WP 2: Nitrogen as a nutrient

Background

Recent evidence (mostly in North America) has emerged suggesting that base poor upland/mountain aquatic ecosystems are demonstrating a response to atmospheric nitrogen deposition even at very low inputs (e.g. Findlay et al., 1999; Baron et al., 2000; Wolfe et al., 2001; Fenn et al., 2003; Sickman et al., 2003), although some studies have been inconclusive (Burns, 2004). Unpublished research funded by NERC and the EU conducted by Monteith and Pla suggests an atmospheric pollution-related link with recent biological change in Loch Coire Fionnaraich (north-west Scotland). Preliminary results suggest that this change might be linked to nutrient nitrogen enrichment, and similar trends appear to be seen in other remote areas of Europe, e.g., Pyrenees as well as North America. Whether this is independent from or an interaction with climate change has not yet been ascertained. Furthermore, the interactions between acidification and eutrophication or oligotrophication are complex; for example, the aluminium released by acidification may inactivate P through complexation (Kopácek et al., 2001), leading to P limitation. Other work in the UK uplands has used phytoplankton bioassays to show that around three quarters of 30 study lakes are either N limited or co-limited by N and P (Maberly et al., 2002).

Hence for the first time there is direct evidence from the UK that there may be a widespread eutrophication effect of N deposition on upland waters, while the relative contribution of N deposition to eutrophication in the lowlands has never been properly quantified. A key question is therefore how N (as an eutrophier) is affecting the productivity and biodiversity of upland lakes. We have found evidence of long term shifts in diatom species composition in clean areas of the far north-west which mimic changes seen in other remote parts of the northern hemisphere. Can these be related to changing N deposition? May there be varying sensitivity to N deposition between lake types?

We will address these questions through a series of tasks employing literature review, analysis of existing datasets and a palaeolimnological scoping study at a small number of trial sites. An additional Task is then provided for expansion of validated techniques for site-based assessment of nutrient N effects to a selection of sites along the gradient of predicted impacts.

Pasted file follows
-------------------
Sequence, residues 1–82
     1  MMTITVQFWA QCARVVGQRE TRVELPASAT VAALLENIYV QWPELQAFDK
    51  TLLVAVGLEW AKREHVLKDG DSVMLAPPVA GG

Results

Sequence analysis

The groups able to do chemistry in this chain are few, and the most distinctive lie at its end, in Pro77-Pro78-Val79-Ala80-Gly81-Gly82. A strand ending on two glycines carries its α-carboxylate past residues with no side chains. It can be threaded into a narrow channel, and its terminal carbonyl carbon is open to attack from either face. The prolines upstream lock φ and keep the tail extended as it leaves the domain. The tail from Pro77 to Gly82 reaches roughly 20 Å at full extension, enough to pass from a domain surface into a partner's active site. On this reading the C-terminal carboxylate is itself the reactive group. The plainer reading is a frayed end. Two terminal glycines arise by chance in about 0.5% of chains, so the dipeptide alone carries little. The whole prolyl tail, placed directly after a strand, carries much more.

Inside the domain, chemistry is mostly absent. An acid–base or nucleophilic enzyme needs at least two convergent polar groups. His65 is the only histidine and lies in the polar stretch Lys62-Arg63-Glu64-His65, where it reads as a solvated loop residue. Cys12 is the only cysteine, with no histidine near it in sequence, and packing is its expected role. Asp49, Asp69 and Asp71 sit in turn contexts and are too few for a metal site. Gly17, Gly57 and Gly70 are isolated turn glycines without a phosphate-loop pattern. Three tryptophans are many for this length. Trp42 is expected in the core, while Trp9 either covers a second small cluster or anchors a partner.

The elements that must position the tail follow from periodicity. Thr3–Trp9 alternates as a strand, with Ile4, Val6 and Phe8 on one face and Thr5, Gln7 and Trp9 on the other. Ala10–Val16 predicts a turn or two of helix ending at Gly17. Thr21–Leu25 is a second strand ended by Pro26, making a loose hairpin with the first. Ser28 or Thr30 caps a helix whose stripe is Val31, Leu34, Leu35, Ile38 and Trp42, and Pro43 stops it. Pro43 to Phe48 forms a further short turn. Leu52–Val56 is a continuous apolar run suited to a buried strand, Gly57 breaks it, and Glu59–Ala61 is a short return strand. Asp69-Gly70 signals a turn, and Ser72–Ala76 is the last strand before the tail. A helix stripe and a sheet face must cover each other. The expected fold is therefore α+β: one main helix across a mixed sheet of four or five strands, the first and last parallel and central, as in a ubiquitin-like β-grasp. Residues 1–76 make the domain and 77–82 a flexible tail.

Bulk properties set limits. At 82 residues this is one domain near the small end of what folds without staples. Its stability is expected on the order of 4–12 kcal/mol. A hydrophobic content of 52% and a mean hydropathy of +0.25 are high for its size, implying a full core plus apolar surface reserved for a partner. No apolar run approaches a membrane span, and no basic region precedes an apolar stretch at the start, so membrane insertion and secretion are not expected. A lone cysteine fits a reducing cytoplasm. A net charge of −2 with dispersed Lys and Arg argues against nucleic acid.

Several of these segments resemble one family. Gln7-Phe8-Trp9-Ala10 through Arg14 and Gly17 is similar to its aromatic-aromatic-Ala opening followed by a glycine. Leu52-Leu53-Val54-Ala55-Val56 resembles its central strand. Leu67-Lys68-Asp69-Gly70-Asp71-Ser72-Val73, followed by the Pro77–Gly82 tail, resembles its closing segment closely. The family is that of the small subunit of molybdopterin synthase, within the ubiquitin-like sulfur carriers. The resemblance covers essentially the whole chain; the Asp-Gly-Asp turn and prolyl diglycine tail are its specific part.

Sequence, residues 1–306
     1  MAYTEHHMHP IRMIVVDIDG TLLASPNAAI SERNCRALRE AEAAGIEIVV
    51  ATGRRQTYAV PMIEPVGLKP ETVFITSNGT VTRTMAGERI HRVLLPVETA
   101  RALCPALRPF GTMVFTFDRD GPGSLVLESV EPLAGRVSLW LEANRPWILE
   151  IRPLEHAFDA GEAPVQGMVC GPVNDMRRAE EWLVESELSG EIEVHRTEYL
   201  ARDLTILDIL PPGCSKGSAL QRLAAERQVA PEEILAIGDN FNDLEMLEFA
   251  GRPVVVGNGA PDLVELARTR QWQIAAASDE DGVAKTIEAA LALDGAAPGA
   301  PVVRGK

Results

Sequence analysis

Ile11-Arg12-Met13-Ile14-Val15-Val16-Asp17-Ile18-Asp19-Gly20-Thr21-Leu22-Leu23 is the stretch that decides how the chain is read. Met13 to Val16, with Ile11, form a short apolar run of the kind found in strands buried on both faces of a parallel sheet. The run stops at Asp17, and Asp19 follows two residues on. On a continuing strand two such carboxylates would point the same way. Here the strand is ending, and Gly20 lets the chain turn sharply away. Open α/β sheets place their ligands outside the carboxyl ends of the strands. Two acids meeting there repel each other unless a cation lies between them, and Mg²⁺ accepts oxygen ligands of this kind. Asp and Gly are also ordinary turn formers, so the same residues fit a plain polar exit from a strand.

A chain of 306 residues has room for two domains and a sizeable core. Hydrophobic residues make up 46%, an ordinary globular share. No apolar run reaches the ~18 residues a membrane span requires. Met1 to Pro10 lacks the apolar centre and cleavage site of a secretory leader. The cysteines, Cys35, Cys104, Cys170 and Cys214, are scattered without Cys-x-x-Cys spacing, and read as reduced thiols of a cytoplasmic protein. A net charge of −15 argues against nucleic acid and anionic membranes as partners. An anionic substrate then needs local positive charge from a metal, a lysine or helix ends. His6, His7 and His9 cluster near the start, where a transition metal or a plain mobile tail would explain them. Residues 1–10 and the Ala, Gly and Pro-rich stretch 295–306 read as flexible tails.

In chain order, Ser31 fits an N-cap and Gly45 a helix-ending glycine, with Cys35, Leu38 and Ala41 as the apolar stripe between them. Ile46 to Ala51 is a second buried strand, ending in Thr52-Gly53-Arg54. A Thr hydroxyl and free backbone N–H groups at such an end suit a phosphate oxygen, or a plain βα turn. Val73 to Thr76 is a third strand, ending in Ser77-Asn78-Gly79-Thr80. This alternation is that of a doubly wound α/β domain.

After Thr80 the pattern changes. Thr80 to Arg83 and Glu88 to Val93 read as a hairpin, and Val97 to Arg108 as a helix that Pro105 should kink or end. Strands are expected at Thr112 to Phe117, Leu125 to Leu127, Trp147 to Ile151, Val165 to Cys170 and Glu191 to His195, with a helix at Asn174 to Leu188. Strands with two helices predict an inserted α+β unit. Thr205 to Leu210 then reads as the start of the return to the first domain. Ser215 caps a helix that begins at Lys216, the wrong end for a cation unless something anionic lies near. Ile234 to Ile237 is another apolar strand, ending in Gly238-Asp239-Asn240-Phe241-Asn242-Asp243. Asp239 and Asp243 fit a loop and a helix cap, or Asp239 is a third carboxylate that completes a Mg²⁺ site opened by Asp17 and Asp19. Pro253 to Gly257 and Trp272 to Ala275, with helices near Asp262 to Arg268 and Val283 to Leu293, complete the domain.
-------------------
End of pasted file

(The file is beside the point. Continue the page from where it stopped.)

Work programme

The work programme for Work package 2 is split into four main tasks. Click on the links below for further information on an individual task

  • Task 2.1 - Literature review on evidence for eutrophication effects of N deposition in upland waters
  • Task 2.2 - Analysis of existing datasets (deposition, soils, land-cover, topography) to determine relationships between N leaching, N limitation and landscape-scale predictors
  • Task 2.3 - Split into 3 sub tasks:
    • Task 2.3.1 - Palaeolimnological analysis for evidence of biological response to N deposition independent of any acidification response
    • Task 2.3.2 - Bioassays for evidence of current biological response to nutrient N deposition independent of any acidification response
    • Task 2.3.3 - Comprehensive analysis of palaeolimnological evidence for nutrient N response in up to 6 lakes where existing catchment / water chemistry data indicate potential N limitation in Task 2.2
  • Task 2.4 - Review the case for application of critical loads for nutrient N to UK freshwaters, with preliminary assessment of critical load exceedance

References

  • Burns D.A. (2004) The effects of atmospheric nitrogen deposition in the Rocky Mountains of Colorado and southern Wyoming, USA - a critical review. Environmental Pollution 127, 257-269.
  • Baron J.S., Rueth H.M., Wolfe A.M., Nydick K.R., Allstott E.J., Minear J.T. and Moraska B. (2000) Ecosystem responses to nitrogen deposition in the Colorado Front Range. Ecosystems 3, 352-368.
  • Fenn M.E., Baron J.S., Allen E.B., Rueth H.M., Nydick K.R., Geiser L., Bowman W.D., Sickman J.O., Meixner T., Johnson D.W. and Neitlich P. 2003 Ecological effects of nitrogen deposition in the western United States. BioScience 53, 404-420.
  • Findlay D.L., Hecky R.E., Kasian E.M., Stainton M.P., Hendzel L.L. and Schindler E.U. (1999) Effects on phytoplankton of nutrients added in conjunction with acidification. Freshwater Biology 41, 131-145.
  • Kopácek J., Ulrich K.-U., Hejzlar J., Borovec J. and Stuchlík, E. (2001) Natural inactivation of phosphorus by aluminium in atmospherically acidified water bodies. Water Research 35, 3783-3790.
  • Maberly S.C., King L., Dent M.M., Jones R.I. and Gibson C.E. (2002) Nutrient limitation of phytoplankton and periphyton growth in upland lakes. Freshwater Biology 47, 2136-2152.
  • Sickman J.O., Melack J.M. and Clow D.W. (2003) Evidence for nutrient enrichment of high-elevation lakes in the Sierra Nevada, California. Limnology and Oceanography 48, 1885-1892.
  • Wolfe A.P., Baron J.S. and Cornett R.J. (2001) Anthropogenic nitrogen deposition induces rapid ecological change in alpine lakes of the Colorado Front Range (USA). Journal of Paleolimnology 25, 1-7.